The Water's Edge
nytheatre.com review by Michael Criscuolo
June 13, 2006
Every writer makes a mistake from time to time. It's the nature of the job. Sometimes they can't grow unless they make some big honking ones. With that in mind, I was still disappointed in Theresa Rebeck's new play, The Water's Edge. Not because it finds her moving in a different, more serious direction than her previous work. And not because it feels like a transitional play, since she's in new territory. No, I found The Water's Edge disappointing because it ignores basic tenets of dramatic writing: common sense and logic. There is very little about the story and the characters that is plausible. How does Rebeck expect the audience to buy into her premise when almost none of it is believable? From a writer as seasoned and talented as she is, it gives one pause to wonder.
The Water's Edge begins with Richard, a wealthy businessman, and his much younger girlfriend, Lucy, visiting the lakeside home he grew up in. Richard hasn't been there in 17 years, and we soon learn why: his ex-wife, Helen, still lives there with their two grown kids, Erica and Nate. Richard says he's returned to reclaim the house, but there's much more on his mind than just that—he wants a full-fledged family reconciliation. That won't be easy considering the grudge Helen holds against him: his alleged involvement (at least, as far as she's concerned) in the long-ago death of their third child.
All throughout The Water's Edge, I found myself questioning everything about it. Richard claims he wanted to see the kids the entire time he was exiled by Helen. So, why didn't he? People who are as rich and powerful as his character seems to be can pretty much do whatever they want, despite anyone's protests. Why does it take him 17 years to try reconciling with Helen if that's what he wanted all along? And, if that's his plan from the start, why does he bring his girlfriend with him?! As written, Richard never comes across as the sharpest tool in the shed. For instance, his reconciliation scene with Helen culminates with him stripping naked in the backyard, and initiating sex in an old bathtub—in full view of anyone who cares to step outside and take a peek! It's amazing that he thinks any of this is a good idea.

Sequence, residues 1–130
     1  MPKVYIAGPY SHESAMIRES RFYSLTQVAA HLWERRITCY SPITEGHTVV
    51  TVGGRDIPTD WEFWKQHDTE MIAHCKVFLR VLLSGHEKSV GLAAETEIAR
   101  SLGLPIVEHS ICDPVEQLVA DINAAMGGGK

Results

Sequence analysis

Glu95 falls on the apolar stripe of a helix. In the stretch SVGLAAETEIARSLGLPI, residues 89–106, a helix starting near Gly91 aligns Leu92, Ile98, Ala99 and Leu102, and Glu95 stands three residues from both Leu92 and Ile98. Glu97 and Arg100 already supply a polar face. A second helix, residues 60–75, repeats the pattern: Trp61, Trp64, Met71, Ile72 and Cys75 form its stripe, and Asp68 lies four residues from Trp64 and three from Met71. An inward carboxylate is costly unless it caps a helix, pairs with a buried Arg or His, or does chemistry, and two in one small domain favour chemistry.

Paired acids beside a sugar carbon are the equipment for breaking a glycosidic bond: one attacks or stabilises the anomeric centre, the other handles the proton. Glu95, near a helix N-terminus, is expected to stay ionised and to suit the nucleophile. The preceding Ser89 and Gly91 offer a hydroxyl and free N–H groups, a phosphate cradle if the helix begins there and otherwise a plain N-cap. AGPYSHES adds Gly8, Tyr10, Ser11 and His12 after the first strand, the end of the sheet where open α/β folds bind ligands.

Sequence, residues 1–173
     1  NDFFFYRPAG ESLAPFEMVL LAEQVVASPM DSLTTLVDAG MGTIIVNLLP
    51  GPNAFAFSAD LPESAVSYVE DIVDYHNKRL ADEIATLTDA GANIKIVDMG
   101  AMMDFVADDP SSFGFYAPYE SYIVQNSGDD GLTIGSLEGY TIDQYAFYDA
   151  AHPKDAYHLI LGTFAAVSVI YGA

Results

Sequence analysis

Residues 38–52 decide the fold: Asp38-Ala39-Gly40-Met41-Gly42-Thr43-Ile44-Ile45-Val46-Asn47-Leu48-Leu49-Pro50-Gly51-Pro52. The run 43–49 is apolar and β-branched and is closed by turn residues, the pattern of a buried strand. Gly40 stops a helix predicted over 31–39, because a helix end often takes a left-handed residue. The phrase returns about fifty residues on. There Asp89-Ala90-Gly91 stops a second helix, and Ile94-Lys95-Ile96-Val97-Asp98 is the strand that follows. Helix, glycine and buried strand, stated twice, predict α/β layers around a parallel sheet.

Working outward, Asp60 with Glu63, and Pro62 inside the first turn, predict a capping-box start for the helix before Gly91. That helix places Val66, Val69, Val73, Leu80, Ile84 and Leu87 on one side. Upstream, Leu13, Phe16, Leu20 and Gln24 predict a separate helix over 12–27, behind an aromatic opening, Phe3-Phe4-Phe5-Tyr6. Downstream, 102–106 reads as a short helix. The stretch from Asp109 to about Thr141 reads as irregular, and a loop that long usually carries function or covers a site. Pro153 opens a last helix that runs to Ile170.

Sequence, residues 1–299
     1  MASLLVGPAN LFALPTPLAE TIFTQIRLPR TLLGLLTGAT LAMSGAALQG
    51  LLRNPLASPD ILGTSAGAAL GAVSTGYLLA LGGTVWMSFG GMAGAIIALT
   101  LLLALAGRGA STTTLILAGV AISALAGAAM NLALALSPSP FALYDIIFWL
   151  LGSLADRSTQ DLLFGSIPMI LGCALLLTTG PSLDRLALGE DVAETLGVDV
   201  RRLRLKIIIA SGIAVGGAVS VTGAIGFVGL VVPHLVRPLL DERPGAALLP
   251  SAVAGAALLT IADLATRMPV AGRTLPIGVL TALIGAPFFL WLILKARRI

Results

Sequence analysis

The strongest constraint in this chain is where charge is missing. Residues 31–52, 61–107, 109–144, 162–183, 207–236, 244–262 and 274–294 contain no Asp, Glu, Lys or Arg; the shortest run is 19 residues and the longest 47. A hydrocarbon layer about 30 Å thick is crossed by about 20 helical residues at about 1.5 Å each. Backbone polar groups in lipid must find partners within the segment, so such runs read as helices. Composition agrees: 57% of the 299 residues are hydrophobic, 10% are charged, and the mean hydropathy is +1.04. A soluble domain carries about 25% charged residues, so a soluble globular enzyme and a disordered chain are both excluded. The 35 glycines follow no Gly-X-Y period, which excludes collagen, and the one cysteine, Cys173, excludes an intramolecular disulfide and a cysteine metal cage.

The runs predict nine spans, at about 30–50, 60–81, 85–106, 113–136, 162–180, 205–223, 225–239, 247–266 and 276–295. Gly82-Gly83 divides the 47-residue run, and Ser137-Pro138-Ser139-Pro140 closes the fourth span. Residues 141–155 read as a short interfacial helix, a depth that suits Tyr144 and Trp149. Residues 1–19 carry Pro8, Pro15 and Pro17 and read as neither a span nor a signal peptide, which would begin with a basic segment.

I also had a hard time believing how fresh Helen's ages-old pain still was. Get over it, already! Then there's the obvious sexual/romantic tension between Nate and Lucy that never gets followed up on. I have to say I was surprised when The Water's Edge didn't end the way I thought it would: with Nate and Lucy in the bloom of fresh, new love, and the ex-spouses working out an amicable (if unconventional) agreement over possession of the house. Instead, Rebeck gives The Water's Edge a tragic conclusion that is shocking in its randomness. To give it away would be to spoil the only real surprise the play has. Suffice to say that the ending is completely unearned because it feels so arbitrary—a case, perhaps, of the author forcing her play the way she wants it to go instead of listening to where it wants to take her.
Director Will Frears does the best he can with this material, but the script eventually tells on him. Thankfully, the acting is mostly good. Kate Burton gives an impassioned performance as Helen, nearly legitimizing a character that is ultimately too bitter and mean-spirited to be interesting. Unfortunately, Tony Goldwyn is too wooden, both physically and vocally, to be much of a match for her. Austin Lysy is authentic as the slow-witted Nate, especially when he almost pulls off an awkward Jekyll-and-Hyde personality change late in Act II. And, as Lucy, Katharine Powell makes the most of the play's requisite thankless role. But, it's Mamie Gummer who makes the evening's strongest impression. As the angry and volatile Erica, she steals the show with her well-timed, expletive-filled comic outbursts.
I can't say I know what Rebeck is aiming for with The Water's Edge. Whatever point she's trying to make eludes me. It's buried somewhere in the mire of a play that strikes me as complete mistake. Hopefully, The Water's Edge has served its purpose in the larger scheme of Rebeck's artistic growth, and she'll rebound nicely with her next work. If not, then let's just wish that her rebound comes sooner rather than later.